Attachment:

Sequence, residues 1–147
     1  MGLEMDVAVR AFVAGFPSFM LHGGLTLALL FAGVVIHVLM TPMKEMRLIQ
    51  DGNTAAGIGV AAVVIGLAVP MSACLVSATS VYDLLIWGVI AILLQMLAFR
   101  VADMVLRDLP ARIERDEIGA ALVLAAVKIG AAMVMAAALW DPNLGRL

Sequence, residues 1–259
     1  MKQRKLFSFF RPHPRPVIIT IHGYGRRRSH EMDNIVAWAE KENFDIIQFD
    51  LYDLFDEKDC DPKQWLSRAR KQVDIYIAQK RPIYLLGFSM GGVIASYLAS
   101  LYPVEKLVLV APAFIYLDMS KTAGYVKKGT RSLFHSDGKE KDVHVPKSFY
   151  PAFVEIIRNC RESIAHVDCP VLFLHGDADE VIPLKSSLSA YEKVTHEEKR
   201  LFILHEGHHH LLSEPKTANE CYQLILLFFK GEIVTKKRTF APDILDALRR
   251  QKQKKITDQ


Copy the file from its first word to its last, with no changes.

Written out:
Sequence, residues 1–147
     1  MGLEMDVAVR AFVAGFPSFM LHGGLTLALL FAGVVIHVLM TPMKEMRLIQ
    51  DGNTAAGIGV AAVVIGLAVP MSACLVSATS VYDLLIWGVI AILLQMLAFR
   101  VADMVLRDLP ARIERDEIGA ALVLAAVKIG AAMVMAAALW DPNLGRL

Sequence, residues 1–259
     1  MKQRKLFSFF RPHPRPVIIT IHGYGRRRSH EMDNIVAWAE KENFDIIQFD
    51  LYDLFDEKDC DPKQWLSRAR KQVDIYIAQK RPIYLLGFSM GGVIASYLAS
   101  LYPVEKLVLV APAFIYLDMS KTAGYVKKGT RSLFHSDGKE KDVHVPKSFY
   151  PAFVEIIRNC RESIAHVDCP VLFLHGDADE VIPLKSSLSA YEKVTHEEKR
   201  LFILHEGHHH LLSEPKTANE CYQLILLFFK GEIVTKKRTF APDILDALRR
   251  QKQKKITDQ